The partnership


Results and outcomes



Photo gallery

Carrying capacity and impact of aquaculture on the environment in Chinese bays

INCO-DC contract Nš ERBIC4CT 98-0291

Ecophysiology experiments in Sanggou Bay

We studied and modeled aquaculture in two bays; Jiaozhou and Sanggou, both in Shandong Province, in Northern China.

A metadatabase was first constructed that synthesised existing data from historical records, statistics for mariculture production, available databases and spatial information both on cultivated species and hydrobiological characteristics. 

From May 1999 to April 2000, data required for calibrating and groundtruthing our models were obtained through additional field work in the natural environment (in situ spatial and temporal variability in natural environmental variables, measured monthly at seven stations in each bay), including studies of the cultivated species (stock assessment, population dynamics, growth), as well as interactions between those species and the environment (ecophysiology experiments).
Findings define the effects of temperature, nitrogen availability and light intensity on growth of the main cultured macroalgae, Laminaria japonica

In addition, for the main species of cultured shellfish, the Chinese scallop Chlamys farreri, the Manila clam Ruditapes philippinarum and the Pacific oyster Crassostrea gigas, we have developed separate dynamic models that replicate responsive adjustments in feeding, metabolism and growth across full natural ranges of temperature, food availability and food composition. 

Models defining ecophysiological responses in each main cultured species were coupled with hydrodynamic and biogeochemical elements in common geographic grids, allowing analyses of key processes in a range of simulations at different spatial and temporal scales, according to different modeling objectives.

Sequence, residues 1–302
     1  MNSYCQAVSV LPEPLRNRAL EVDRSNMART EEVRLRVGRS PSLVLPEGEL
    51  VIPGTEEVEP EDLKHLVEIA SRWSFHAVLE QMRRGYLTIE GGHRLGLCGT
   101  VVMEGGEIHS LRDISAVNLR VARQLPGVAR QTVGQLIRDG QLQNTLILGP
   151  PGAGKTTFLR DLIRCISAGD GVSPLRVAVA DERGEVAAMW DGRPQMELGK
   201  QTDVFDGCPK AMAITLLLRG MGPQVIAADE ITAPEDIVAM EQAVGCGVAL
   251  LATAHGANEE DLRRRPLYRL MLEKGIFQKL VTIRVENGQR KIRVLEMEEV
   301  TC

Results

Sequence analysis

Chinese scallop

At the local farm scale, towards a practical tool that can be used locally by marine farmers to predict the effects of culture density upon shellfish growth at different sites, we have developed a depletion model which couples our models of shellfish ecophysiology with a one-dimensional horizontal transport formulation.
At wider bay scales, two complementary strategies were employed to assess environmental carrying capacities for culture, taking into account interactions between each cultivated species, as well as between those species and their environments. Firstly, a 2D coupled physical-biogeochemical model was developed for Sanggou Bay, based on a bathymetric grid of 1120 cells affording a spatial resolution of 500 m, to simulate short term responses (e.g. one year) to changes in cultivation practice.

Secondly, a box model was developed using a quasi one-dimensional approach without spatial variability to assess effects of culture practice on production in the longer term.  Both of these bay scale models accounted for primary production, bivalve and kelp ecophysiology and growth, exchange with the ocean, mineralisation of detritus, particle sedimentation and resuspension, species densities, and times of seeding and harvesting.

Polyculture in Sanggou Bay

By these means, integrated assessments were undertaken to consider how different scenarios of multi-species culture may affect ecosystem functioning and sustainable capacities for exploitation. The scenarios were recommended by local fisheries managers, and the outputs considered collectively in associated workshops, as significant contributions in the development of local fisheries practice.

Copyright IMAR-GEM, 1999-2003